I had always wanted to write a book. When I started as a journalist over a decade ago, I used to think, "One day I won't be doing this. One day I will write a novel!" I had romantic ideas about sitting in a shed in the garden and typing away as the flowers grew and the birds sang. But years went by and nothing happened - no inspiration, no time, busy working. Then, in the spring of 2005, I was contacted by an agent who suggested I write a novel. Somehow, in a spare room in a barn somewhere near Christmas Common, the world of Samantha Smythe, chaotic mother of three, came into being. My agent sent some chapters to Penguin who loved it.
That was just over a year ago. Since then, much has changed. I have rewritten the book, argued over the title and the cover and got obsessed with trying to make it a success. In the middle of all this, I found out I was pregnant and everything took on a new meaning. Somehow the success of this book became intertwined with the success of my pregnancy. I took everything as an omen. "If I am having a girl (I have three boys), the book will be a success." "If my 20-week scan shows nothing alarming, the book will be a success."
I started devising, along with a press officer from Penguin, a strategy of writing articles to promote my book. It seems to me there are two choices - do nothing much and let the book speak for itself, or work yourself into such a tizzy that you are prepared to sell your soul for publicity. I went down the latter route. So far I have written about my hair, my pregnancy (twice), my ex-partner who is the father of my eldest child (just like my book!), having relationships with younger men and older men, giving birth at home, having a girl after three boys, how to keep chickens (obscure, I know), women who have children with more than one man, why my partner is a better cook than me, why my partner has chosen to be a house husband, the future of yummy mummies, what defines a pushy parent, a short story about finding love at an auction, a piece on what advice I'm going to give my daughter and a letter to my poor dead father. I have covered the market from Eve to Tatler, Red to Marie Claire, Co-op to Sainsbury's.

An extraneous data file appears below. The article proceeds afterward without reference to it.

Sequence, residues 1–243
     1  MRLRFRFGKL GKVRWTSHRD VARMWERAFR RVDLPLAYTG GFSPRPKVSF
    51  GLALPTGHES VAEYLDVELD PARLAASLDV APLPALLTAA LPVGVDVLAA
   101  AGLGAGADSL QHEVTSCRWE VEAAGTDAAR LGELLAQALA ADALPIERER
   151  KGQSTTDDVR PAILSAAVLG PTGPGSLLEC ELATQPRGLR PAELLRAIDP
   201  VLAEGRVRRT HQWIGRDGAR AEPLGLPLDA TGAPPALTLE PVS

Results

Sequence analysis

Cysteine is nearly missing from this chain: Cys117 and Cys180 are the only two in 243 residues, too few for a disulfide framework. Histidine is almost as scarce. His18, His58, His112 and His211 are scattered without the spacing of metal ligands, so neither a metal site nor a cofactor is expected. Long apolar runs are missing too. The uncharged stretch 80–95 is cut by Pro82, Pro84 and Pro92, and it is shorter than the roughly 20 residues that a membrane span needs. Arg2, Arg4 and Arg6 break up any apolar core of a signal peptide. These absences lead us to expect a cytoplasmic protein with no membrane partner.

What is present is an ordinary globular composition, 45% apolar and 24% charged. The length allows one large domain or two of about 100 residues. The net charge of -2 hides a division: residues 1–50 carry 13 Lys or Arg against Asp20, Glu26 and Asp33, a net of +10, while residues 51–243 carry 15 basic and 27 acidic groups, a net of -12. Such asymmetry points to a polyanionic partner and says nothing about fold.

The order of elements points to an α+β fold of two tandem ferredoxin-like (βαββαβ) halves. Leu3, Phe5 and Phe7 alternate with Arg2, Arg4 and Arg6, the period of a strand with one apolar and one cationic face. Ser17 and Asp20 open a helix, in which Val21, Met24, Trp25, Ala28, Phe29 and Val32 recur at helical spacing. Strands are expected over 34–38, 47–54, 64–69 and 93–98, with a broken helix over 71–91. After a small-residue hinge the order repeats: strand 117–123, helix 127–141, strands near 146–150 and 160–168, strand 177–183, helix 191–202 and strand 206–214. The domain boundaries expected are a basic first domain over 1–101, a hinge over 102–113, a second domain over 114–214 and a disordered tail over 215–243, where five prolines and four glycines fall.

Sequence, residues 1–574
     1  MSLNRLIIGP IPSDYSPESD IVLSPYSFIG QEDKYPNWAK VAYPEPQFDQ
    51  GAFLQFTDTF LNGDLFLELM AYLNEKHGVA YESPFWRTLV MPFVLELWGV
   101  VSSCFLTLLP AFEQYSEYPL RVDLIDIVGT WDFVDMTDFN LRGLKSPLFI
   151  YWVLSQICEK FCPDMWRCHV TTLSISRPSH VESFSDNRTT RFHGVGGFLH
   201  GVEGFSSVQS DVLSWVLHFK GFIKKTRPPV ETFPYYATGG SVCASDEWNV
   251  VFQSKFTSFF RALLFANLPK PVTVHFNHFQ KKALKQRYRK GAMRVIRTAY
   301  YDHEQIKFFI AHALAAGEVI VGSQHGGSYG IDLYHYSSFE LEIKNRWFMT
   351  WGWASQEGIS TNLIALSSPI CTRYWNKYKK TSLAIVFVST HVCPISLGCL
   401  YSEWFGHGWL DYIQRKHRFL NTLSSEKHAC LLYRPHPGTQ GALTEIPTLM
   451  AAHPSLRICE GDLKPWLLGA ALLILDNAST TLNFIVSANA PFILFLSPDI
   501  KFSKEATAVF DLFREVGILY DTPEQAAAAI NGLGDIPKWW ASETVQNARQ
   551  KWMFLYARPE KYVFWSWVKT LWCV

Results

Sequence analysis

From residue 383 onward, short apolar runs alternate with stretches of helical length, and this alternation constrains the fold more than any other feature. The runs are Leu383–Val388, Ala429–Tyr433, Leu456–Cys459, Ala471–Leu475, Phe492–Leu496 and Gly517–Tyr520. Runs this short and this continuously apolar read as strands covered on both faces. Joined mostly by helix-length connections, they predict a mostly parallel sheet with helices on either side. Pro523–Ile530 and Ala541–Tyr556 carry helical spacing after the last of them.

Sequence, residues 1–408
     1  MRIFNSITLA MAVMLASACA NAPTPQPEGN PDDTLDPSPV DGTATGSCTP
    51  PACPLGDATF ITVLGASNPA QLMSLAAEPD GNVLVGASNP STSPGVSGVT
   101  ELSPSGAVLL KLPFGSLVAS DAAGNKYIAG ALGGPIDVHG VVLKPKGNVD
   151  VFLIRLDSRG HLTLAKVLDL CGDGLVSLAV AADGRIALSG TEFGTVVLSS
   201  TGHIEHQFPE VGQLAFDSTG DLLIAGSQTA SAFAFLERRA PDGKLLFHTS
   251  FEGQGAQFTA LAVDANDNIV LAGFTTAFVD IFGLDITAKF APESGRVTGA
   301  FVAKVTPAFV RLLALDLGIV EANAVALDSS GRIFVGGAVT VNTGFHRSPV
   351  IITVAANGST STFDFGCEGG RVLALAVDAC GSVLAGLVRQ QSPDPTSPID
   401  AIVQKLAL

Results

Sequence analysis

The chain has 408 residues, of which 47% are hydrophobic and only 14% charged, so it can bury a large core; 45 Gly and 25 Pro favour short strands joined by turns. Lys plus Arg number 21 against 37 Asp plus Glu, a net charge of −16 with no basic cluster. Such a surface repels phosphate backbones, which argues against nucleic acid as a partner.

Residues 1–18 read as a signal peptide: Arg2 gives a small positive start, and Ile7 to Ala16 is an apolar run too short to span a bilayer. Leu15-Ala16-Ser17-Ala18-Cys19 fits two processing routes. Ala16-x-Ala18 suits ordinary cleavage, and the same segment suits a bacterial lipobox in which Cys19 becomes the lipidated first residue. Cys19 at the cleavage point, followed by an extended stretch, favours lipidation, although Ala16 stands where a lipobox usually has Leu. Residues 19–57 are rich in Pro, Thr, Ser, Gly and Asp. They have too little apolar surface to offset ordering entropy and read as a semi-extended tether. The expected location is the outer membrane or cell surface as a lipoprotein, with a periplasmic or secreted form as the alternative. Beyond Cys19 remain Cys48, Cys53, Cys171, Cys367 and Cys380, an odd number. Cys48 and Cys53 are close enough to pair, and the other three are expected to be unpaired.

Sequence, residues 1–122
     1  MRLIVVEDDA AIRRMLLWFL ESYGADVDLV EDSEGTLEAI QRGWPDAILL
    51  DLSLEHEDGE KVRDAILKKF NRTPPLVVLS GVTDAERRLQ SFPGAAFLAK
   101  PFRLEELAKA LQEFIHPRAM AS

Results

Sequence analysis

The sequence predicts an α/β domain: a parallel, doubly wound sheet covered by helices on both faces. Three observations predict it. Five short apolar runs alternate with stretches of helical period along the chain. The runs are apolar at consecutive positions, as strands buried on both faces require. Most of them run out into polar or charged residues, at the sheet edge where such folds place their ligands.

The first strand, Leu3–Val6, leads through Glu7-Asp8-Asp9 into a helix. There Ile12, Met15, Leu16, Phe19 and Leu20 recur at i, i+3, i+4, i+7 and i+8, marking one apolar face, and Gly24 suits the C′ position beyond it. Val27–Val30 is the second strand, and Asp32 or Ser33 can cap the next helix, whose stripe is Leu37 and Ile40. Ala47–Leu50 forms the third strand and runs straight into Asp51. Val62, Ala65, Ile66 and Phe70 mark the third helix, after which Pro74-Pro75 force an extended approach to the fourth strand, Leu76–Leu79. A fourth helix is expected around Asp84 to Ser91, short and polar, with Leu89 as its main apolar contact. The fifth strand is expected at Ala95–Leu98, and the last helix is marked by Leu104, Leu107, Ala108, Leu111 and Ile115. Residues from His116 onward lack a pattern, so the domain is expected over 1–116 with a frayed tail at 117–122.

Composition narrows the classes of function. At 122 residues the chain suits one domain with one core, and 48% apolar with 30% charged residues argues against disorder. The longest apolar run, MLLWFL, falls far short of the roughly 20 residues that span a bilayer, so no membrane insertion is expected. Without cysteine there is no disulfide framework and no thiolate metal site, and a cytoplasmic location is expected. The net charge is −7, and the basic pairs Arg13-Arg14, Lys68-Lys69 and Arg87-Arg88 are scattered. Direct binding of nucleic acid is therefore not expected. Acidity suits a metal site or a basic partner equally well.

I can almost no longer stop myself. I have bombarded radio stations with my prattlings. The people at the Nick Ferrari show on LBC are especially nice to me and I have got up twice at 5am to drive there and review the papers. I have done a piece for Radio 4, lots of local radio and am still hassling Radio 5. I have not been very successful when it comes to television, though. I am not well known enough.
Now I am waiting for the reviews and I couldn't feel more nervous. So far the book, The Invisible Woman, has had some good reviews in women's magazines. It has been described as "mum-lit", "hen-lit" and "a high-octane" read. However, one reviewer also said my prose was "breathless" and the book was "fairly funny". I burst into tears. The next day my midwife came.
"Your blood pressure's up," she said, looking worried. "Are you stressed out?" I looked at her. I thought, "Hey, maybe there's a piece in this." That's how bad it had got.
So now it's pretty much make or break. I hadn't realised how much I cared. I hadn't realised how hard I've worked and how much this means to me. I keep telling myself I'm a journalist, I should be used to putting my head above the parapet, but when it comes to this novel, I am not. I am as super-sensitive about it as I am about my unborn child.
We have had a book launch. All my friends and family were there and it was a lovely night. But when I came home I dreamed I was in a bookshop and that my friends and colleagues were pelting me with copies of The Invisible Woman - all clean and new - left unsold on the table.
'The Invisible Woman' by Lucy Cavendish is published by Michael Joseph on ThursdayReuse content